Sunday, November 4, 2012

September/October 2012

ARGO  (2012)
    I distinctly remember the outrage—there’s no other word for it—during the Iranian hostage crisis when the Canadians were able to free six of their diplomats while 52 Americans remained prisoners of student revolutionaries.

     Canada? You’ve got to be kidding. Their success was America’s embarrassment and another dagger in the doomed Jimmy Carter Administration.

      But don’t always believe what your government tells you. When the operation was declassified in the 1990s, the truth turned out to be quite different, if a bit late for Carter. The six were American diplomats who escaped the country by way of a daring CIA plot (with the support of the Canadians).

      Actor-director Ben Affleck has fashioned this stranger-than-fiction secret slice of history into a terrific movie, alternating between outrageous humor and breathless suspense, lampooning Hollywood, the intelligence community and the White House while telling a truly heroic saga.

     Affleck plays Tony Mendez, the CIA expert in hostage extraction, who just barely convinces Secretary of State Cyrus Vance that his bizarre plan is worth undertaking. His boss, played with biting cynicism by Bryan Cranston, tells Vance: “This is the best bad idea we have.”  Mendez proposes, to the blank stares of his superiors, to mount a fake Hollywood movie production and then enter Iran under the premise of scouting for locations. When he leaves, his crew—the six embassy employees now hiding in the Canadian ambassador’s home—will fly out with him.

       Mendez knows that to fool the American educated Iranian security forces, this bogus project needs to look like the real thing. He first turns to an old ally, John Chambers (played by an enthusiastic John Goodman), a legendary Hollywood makeup artist—in real life he won an Oscar for his work on “Planet of the Apes” and created Spock’s ears—who guides Mendez to veteran producer Lester Siegel (a composite character). Alan Arkin plays Siegel as the ultimate done-it-all, seen-it-all Hollywood insider who makes it clear from the start that he’s taking his role seriously, demanding they go all out. “If I’m going to make a fake movie, it’s going to be a fake hit,” he says with a straight face.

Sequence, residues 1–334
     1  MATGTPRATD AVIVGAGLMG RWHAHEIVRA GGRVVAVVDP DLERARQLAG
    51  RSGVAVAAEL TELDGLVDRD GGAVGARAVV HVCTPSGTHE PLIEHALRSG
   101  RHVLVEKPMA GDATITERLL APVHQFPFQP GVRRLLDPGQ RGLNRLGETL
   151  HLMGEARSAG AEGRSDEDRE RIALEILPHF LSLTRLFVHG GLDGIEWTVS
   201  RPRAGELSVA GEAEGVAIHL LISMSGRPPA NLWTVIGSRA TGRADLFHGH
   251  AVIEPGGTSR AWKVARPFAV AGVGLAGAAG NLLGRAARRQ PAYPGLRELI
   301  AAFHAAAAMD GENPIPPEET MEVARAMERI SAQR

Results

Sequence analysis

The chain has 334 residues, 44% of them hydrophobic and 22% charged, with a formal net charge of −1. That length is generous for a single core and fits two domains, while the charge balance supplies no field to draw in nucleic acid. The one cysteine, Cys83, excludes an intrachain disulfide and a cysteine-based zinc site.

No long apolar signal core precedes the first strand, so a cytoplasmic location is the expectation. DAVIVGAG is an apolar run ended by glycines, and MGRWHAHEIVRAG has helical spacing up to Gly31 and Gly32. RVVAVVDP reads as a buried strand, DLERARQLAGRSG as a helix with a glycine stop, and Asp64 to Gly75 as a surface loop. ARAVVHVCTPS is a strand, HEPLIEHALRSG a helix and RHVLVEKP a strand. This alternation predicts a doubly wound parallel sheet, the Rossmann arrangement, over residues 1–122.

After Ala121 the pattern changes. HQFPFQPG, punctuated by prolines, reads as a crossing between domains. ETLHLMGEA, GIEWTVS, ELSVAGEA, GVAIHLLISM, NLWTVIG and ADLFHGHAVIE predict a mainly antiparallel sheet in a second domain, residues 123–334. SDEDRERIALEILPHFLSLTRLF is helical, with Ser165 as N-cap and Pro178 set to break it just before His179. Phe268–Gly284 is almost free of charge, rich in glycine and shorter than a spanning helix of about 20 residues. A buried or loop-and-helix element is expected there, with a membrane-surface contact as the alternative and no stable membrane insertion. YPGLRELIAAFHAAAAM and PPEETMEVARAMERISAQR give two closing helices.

Reportedly, screenwriter Chris Terrio, working from a Wired magazine piece by Joshuah Bearman, doesn’t always adhere to the facts of the operation, but, more importantly, turns it into a smart, witty, suspenseful and thoughtful film.

      The scenes with Goodman, Arkin and Affleck as they search for a script (ending up with a “Star Wars” rip off called “Argo”), “develop” the project and even hold an outlandish press event and script reading are not only hilariously staged but filled with perfectly aimed zingers at an industry where exaggerations and cons are accepted as standard operating procedure.

     Affleck smoothly segues from this B-movie goofiness to gripping intensity when Mendez arrives in Iran and makes contact with the fearful Americans.

      As he did so well in “Gone Baby Gone” (2008) and “The Town” (2010), the director places genuinely ordinary people in believably extraordinary situations—even in the way he portrays Mendez makes this CIA operative seem like just a sincere, dedicated Everyman.

      Maybe the best work of his short, but impressive career is the opening sequence in which the director cuts adroitly between the angry mob storming the U.S. embassy and the panicked Americans inside. Since the film is focused on the six who avoid being taken hostage, it would have been easy to downplay the actual takeover, but he tackles the challenge like a veteran action director.

     Not only does he capture the chaotic insanity of the situation in Iran and the buffoonery of Hollywood, but also the division the crisis caused in the Carter Administration and the less than decisive way decisions are often made at even the highest levels. Not a bad accomplishment for an actor whose career just a few years ago seemed to be headed for the straight-to-DVD dustbin.